UnNews:New country secedes from The Sedan
From Uncyclopedia, the content-free encyclopedia
|UnNews Audio (file info)|
|Listen to this story!|
Problems playing this file? You might be a dope.
New country secedes from The Sedan
We distort, you deride
Saturday, December 3, 2016, 18:02:UTC)(
3 February 2011
JUBA, Sedan -- The newest nation on Earth will celebrate its independence this summer.
Southern provinces of The Sedan held a referendum in January, in which an astonishing 98% voted to break away from the Muslim North. The vote reflected chronic problems between the South--Catholic, Anglican, and Voodoo--and the North, though it is hard to imagine partition of a nation over mere church membership. Maybe not if you're in France.
The independence will take place this summer, and the new president is Salva Kiir Mayardit, a man who not only wears cowboy hats, as shown, but rides horses through downtown Juba and sports a six-shooter on each hip. "I'm a Yankee Doodle Dandy," he is already known to sing, "born on the 9th of July." He plans to have English be the official language. He is more vague about his intention of having his country use the U.S. dollar, resort to frequent impeachments, none of which succeed, and have two baseball leagues.
The name of the country has yet to be determined. Mr. Mayardit may follow the common practice of American minor-league baseball clubs and delegate the decision to elementary school children. Names in the running for the former South of Sedan reportedly include Coupé, Hatchback, and Mighty Ducks.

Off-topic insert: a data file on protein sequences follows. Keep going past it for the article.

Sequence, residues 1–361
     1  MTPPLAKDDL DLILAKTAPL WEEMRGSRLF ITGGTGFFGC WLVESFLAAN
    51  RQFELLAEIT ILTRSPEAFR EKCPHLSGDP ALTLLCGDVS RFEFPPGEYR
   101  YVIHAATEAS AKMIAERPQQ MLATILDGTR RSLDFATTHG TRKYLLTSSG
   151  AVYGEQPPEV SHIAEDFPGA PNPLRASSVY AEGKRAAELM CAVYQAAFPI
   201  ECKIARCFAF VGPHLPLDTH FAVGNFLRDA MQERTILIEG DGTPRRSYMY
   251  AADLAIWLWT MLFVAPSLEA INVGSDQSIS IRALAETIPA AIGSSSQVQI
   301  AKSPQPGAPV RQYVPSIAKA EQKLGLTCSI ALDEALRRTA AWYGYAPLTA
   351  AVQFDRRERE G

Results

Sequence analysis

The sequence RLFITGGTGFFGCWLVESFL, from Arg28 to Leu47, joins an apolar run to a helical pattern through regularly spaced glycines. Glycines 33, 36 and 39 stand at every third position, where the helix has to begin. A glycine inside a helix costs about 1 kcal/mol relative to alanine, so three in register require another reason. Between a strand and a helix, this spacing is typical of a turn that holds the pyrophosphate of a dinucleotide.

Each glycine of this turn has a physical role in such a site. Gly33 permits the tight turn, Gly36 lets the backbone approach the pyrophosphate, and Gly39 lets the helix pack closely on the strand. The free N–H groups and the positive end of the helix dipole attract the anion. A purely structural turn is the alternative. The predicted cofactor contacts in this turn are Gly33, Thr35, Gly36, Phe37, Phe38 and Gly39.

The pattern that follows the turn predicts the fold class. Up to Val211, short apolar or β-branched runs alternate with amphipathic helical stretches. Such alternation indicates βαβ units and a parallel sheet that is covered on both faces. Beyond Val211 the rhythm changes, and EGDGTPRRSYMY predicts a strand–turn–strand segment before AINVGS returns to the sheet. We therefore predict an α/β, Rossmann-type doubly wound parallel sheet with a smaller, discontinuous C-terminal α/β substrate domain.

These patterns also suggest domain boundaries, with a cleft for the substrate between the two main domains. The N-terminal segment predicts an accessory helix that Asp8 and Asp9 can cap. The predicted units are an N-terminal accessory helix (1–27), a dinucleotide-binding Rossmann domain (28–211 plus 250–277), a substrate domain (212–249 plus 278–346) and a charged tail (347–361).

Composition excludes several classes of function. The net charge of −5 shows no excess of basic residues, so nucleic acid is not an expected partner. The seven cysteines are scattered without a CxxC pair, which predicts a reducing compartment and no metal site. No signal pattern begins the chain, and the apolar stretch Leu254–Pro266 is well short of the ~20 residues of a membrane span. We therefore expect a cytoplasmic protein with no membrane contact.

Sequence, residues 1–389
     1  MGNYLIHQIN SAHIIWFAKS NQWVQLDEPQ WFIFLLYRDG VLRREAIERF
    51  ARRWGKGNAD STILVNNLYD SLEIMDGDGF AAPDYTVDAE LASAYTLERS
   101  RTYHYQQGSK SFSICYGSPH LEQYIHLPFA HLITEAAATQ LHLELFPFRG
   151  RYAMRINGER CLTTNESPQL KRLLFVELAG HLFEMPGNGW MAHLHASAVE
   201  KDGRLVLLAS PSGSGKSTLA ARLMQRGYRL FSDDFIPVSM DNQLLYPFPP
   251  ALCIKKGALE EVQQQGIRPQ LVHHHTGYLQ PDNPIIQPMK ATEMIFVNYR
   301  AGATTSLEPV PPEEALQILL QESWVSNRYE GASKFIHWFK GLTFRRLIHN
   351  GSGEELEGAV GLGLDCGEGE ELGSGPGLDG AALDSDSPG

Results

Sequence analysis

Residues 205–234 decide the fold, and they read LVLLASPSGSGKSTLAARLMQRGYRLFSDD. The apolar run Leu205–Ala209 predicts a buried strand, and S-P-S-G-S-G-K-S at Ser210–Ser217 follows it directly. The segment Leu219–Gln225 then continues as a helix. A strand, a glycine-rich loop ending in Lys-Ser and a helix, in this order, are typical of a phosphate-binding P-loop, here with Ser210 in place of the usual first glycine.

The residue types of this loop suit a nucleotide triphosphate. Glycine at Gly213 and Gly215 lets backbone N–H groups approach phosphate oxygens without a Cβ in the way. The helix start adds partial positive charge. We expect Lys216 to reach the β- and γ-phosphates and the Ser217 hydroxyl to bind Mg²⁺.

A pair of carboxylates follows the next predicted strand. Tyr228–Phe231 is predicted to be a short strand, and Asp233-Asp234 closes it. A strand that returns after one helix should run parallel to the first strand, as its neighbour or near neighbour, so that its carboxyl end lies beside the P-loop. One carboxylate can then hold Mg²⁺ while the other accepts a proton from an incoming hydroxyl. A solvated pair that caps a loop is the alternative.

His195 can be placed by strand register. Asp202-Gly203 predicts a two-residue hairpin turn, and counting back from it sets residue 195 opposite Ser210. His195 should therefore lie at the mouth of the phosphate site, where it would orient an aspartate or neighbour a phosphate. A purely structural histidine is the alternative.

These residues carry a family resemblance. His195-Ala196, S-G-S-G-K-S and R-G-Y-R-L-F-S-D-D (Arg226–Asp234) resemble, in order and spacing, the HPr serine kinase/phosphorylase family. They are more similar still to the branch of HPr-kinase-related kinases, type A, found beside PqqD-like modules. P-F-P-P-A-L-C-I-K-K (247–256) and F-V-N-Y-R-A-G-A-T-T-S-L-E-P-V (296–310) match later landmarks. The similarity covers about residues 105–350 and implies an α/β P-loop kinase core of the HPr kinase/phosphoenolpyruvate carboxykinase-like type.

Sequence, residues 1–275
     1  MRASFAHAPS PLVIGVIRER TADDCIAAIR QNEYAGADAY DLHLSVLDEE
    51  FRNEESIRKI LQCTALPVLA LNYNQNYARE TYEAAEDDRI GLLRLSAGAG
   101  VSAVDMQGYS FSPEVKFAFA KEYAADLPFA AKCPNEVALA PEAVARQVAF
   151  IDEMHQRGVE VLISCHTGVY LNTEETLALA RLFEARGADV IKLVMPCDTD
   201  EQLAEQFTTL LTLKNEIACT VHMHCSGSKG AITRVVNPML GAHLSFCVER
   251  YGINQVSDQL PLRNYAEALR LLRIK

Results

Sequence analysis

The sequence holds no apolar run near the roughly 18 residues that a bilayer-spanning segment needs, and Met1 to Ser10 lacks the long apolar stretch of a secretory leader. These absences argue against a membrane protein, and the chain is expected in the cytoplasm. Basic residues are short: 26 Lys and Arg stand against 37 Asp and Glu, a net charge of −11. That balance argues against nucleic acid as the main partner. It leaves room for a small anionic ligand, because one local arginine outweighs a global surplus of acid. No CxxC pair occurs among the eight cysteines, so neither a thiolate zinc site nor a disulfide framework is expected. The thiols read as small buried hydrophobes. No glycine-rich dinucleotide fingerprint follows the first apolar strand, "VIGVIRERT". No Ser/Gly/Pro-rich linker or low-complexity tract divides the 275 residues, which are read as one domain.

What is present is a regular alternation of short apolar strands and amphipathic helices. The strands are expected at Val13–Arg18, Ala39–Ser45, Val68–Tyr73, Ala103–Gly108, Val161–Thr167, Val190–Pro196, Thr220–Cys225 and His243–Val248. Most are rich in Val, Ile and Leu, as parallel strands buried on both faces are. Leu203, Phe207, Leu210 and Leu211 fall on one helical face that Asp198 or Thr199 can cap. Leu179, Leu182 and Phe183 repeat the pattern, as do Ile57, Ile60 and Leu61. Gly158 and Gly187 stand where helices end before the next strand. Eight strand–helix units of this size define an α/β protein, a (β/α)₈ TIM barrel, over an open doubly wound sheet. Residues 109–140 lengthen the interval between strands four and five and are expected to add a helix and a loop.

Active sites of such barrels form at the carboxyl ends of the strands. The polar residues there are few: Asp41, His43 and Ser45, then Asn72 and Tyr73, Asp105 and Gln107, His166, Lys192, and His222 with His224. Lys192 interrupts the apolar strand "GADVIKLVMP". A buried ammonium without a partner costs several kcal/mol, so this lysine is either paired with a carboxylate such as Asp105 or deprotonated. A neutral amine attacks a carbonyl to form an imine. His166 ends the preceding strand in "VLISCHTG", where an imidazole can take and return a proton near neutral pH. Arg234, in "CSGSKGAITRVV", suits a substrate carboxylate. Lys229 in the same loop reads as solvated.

The population of the breakaway nation is estimated at 7.5 million by the United Nations, and 13 million by Mr. Mayardit, who complains that the North did not cooperate with his recent census, but concedes his own count reflects many of the tourists who might arrive, once the new nation begins staging "ass-kicking rodeos--whee-dogies!"
Mr. Mayardit's independence campaign, and his embrace of relics of the American Wild West, attract nagging rumors that the sole purpose of independence might be to get annexed into the United States. For instance, although the new nation has no common language, virtually no one speaks English. U.S. President Barack Obama has failed to dispel these rumors, as when he recently boasted that the possible inclusion of the new African nation as what he termed the "58th [sic] state" would let his new health care law "extend universal coverage to 15 million [sic] more people than we originally estimated." Alternatively--as the per-capita income of the new nation of $1,200 permits the average citizen neither to buy health insurance nor pay the new fine for not doing so, the Administration might issue yet another of the notorious waivers of the rules.
- Ngor Arol Garang "South Sedan welcomes NCP’s acceptance of referendum results". Sedan Tribune, February 1, 2011